The Pacha of Many Tales eBook

This eBook from the Gutenberg Project consists of approximately 505 pages of information about The Pacha of Many Tales.

Owing to her unwearied kindness and attention, I soon recovered, and before I was aware that I was to be her husband I courted her by signs, and all the little attentions that could be suggested by gratitude and love.  As soon as I was supposed to be sufficiently recovered I was led into a large circle of the islanders, to be formally admitted into their society.  A venerable old man made a speech, which I presume was not a very good one from its extreme length, and then several men laid hold of me, and throwing me on the ground, face downwards, sat astride on me, and commenced running needles into the upper part of my thighs.  The pain was excessive, but as all the islanders were tattooed about the loins, I presumed it was an operation that I must submit to, and I bore it with fortitude.

* * * * *

“And pray what is that tattooing?”

“Tattooing, may it please your highness, is puncturing the skin with needles or sharp points—­and then rubbing Indian ink or gun-powder into the wounds.  This leaves an indelible mark of a deep blue tint.  All the islanders in those seas practise it, and very often the figures that are drawn are very beautiful.”

“Mashallah!  How wonderful is God!  I should like to see it,” rejoined the pacha.

“Allah forbid,” replied the renegade, “that I should expose my person to your highness.  I know my duty better.”

“Yes, but I must see it, yaha bibi, my friend!” continued the pacha, impatiently; “never mind your person.  Come—­obey my orders.”

The renegade was a little at a nonplus, as he never had undergone the operation which he had described.  Fortunately for the support of his veracity, it happened that during one of his piratical excursions, in an idle fit, he had permitted one of his companions to tattoo a small mermaid on his arm.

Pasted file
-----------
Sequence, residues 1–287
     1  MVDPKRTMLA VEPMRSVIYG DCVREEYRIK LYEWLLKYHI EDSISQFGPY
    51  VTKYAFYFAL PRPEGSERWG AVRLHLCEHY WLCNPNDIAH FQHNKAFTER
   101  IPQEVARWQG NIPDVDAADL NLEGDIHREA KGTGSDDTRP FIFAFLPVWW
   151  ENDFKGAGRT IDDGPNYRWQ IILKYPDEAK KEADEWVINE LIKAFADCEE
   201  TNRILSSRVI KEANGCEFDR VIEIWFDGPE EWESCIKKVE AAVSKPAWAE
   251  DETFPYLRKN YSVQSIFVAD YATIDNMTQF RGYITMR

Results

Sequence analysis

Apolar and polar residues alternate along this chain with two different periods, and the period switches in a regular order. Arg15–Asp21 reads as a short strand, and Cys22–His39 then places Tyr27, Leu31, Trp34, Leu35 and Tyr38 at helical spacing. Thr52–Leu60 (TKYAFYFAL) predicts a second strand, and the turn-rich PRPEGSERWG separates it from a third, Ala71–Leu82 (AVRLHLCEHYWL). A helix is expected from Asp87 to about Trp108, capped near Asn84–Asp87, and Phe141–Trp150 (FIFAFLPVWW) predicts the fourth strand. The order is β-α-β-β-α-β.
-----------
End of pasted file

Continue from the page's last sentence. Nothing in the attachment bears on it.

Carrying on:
“Min Allah!  God forbid,” rejoined the renegade; “my life is at the disposal of your highness, and I had sooner that you should take it, than I would affront your august eyes with the exposure in question; fortunately I can gratify your highness’s curiosity without offending decency—­as, after they had finished the operation I was describing, they made the figure of their most respected deity upon my arm.”  The renegade then pulled up his sleeve, and showed the figure of a mermaid, with a curling tail, a looking-glass in one hand and a comb in the other.  “Here your highness will perceive a specimen of their rude art.  This is a representation of their goddess, Bo-gee.  In one hand she holds an iron rake, with which she tattoos those who are good, and the mark serves as a passport when they apply for admittance into the regions of bliss.  In the other, she brandishes a hot iron plate, with which she brands those who are sentenced to be punished for their sins.”

“Allah Karim—­God is merciful!  And why has she a fish’s tail?” inquired the pacha.

“The people I am describing, inhabit a cluster of islands, and it is to enable her to swim from one to the other, as her presence may be required.”

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The Pacha of Many Tales from Project Gutenberg. Public domain.
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